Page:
3 Reasons Not to Trust the UK Daily Mail's Reporting on Severed Head Photo

iMediaEthics publishes international media ethics news stories and investigations into journalism ethics lapses.


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(Credit: Mail, screenshot)

iMediaEthics’ coverage of the NY Daily News’s “exclusive” photo of Bashid Mclean,  who was photographed holding the severed head of his mother, Tanya Byrd, included significant gaffes by several other news outlets. Leading the way in our round-up of reporting foul-ups is the Daily Mail, which

1) Had Bad Spelling: The Daily Mail misspelled Bashid Mclean’s name as Bahsid McLean in their reports, headlines and captions. iMediaEthics checked with the New York Police Department twice to confirm that Mclean’s name is spelled Bashid Mclean.  The Daily Mail likely got the wrong spelling from the New York Post, which was cited as a source in the Mail’s reporting and which made the same spelling error.

2) Stole an Exclusive Photo from The NY Daily News: iMediaEthics found evidence that the Daily Mail stole the New York Daily News’ exclusive and sensational photo of Mclean holding his mother’s decapitated head.  The Daily News told iMediaEthics that it didn’t sell or grant permission for others to use its image, which it censored. iMediaEthics’ photo analysis included comparisons of the positioning and size of the Daily News’ black dot to censor out the ghoulish image of Byrd’s head.  Since the Daily Mail — along with the New York Post and Huffington Post — had the black dot in the same size and position as the Daily News, we concluded that in all likelihood, they stole the photo. None of the aforementioned deny it!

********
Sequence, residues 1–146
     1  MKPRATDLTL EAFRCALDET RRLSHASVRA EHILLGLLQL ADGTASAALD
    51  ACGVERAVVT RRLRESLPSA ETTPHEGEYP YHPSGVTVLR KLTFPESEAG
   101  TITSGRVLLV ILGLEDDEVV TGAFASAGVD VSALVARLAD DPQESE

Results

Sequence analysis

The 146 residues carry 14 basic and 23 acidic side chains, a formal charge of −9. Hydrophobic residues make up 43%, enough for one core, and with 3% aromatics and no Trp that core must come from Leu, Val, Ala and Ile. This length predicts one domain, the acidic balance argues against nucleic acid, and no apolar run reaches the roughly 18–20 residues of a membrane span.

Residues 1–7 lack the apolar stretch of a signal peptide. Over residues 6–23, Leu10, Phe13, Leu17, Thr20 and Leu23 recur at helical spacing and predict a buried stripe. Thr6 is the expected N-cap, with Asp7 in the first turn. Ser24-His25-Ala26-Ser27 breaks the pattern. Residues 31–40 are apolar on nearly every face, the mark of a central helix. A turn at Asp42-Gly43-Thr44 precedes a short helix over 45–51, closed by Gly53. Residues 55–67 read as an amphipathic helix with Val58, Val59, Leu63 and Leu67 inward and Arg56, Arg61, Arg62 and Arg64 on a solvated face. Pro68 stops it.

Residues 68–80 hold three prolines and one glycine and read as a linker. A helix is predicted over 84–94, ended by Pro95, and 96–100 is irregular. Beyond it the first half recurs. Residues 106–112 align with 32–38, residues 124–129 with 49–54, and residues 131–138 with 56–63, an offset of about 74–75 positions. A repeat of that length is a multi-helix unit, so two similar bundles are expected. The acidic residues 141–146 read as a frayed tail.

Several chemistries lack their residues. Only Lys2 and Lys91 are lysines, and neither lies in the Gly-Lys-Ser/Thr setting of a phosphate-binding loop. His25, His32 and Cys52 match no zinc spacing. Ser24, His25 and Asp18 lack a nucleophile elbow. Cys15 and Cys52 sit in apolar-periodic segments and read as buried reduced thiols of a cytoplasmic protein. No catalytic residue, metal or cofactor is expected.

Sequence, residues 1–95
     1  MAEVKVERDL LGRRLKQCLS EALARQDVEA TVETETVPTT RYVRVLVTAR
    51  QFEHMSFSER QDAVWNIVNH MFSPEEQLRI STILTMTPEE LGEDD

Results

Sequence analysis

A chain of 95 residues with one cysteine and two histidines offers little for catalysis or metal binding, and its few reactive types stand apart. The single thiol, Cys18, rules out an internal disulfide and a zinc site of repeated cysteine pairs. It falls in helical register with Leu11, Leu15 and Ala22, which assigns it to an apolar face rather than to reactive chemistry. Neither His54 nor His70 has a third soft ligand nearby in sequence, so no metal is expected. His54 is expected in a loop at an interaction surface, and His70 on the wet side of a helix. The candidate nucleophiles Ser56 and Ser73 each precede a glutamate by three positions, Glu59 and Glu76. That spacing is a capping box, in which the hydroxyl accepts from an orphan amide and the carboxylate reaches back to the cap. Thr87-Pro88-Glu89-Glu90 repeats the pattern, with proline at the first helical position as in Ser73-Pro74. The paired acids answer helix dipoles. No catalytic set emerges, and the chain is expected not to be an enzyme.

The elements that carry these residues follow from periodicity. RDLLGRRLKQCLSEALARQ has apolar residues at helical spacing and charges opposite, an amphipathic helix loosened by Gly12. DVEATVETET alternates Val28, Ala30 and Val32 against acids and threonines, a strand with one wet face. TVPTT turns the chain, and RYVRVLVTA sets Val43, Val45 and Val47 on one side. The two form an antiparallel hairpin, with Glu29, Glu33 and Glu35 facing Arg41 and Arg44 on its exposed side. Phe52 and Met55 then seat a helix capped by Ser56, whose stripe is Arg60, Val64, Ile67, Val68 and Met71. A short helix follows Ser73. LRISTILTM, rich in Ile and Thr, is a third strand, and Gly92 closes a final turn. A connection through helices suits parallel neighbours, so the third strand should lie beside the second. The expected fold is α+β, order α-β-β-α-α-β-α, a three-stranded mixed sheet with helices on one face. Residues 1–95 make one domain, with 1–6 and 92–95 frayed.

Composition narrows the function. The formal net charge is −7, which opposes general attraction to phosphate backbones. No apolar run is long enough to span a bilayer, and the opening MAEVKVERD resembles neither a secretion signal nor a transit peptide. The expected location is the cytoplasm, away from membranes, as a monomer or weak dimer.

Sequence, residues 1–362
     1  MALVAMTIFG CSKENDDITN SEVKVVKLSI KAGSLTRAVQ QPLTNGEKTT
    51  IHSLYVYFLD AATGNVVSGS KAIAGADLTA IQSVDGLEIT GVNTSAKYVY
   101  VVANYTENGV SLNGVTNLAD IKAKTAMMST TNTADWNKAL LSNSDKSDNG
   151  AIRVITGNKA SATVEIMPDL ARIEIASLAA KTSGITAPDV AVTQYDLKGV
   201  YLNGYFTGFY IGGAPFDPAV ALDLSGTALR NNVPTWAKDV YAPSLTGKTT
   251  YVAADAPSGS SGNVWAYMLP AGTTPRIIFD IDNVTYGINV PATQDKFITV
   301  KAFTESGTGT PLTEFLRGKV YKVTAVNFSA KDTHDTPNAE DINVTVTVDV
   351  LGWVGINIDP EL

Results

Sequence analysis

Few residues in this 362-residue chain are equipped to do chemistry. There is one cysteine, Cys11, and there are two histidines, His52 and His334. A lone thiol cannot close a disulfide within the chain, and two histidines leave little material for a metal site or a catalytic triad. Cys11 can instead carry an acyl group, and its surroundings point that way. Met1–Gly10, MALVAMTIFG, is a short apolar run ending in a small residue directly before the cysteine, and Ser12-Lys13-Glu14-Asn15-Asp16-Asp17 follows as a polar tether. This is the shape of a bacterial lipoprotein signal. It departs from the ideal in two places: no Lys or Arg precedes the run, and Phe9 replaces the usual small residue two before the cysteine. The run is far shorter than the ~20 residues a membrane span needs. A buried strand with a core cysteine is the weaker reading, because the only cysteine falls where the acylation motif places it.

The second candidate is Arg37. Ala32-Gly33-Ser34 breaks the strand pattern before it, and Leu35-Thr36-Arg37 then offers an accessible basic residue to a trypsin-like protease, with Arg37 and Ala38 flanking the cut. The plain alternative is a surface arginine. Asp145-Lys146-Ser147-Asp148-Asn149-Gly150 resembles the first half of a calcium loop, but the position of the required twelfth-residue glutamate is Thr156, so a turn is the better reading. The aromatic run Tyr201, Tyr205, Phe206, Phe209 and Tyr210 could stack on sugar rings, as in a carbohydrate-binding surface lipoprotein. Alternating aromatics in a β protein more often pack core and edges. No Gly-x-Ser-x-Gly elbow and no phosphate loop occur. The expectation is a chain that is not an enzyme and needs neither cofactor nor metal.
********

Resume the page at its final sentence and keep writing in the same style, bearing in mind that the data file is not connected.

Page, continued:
3) Fell for Twitter Hoax: Again we confronted the Daily Mail and it did not deny it. The Mail wrote about Mclean’s supposed Twitter account without skepticism and apparently got duped.  The fake Twitter account,  @killtanyabyrd, has posted no tweets, follows no one, and like the Mail, carries the misspelled version of Mclean’s name.  But none of that kept the Daily Mail from reporting that it was Mclean’s Twitter account. While the NYPD hasn’t yet confirmed the account is phony, based on the misspelled name alone, it’s fairly safe to say it’s not legit.

Check out iMediaEthics’ stories on Bashid Mclean.

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3 Reasons Not to Trust the UK Daily Mail’s Reporting on Severed Head Photo

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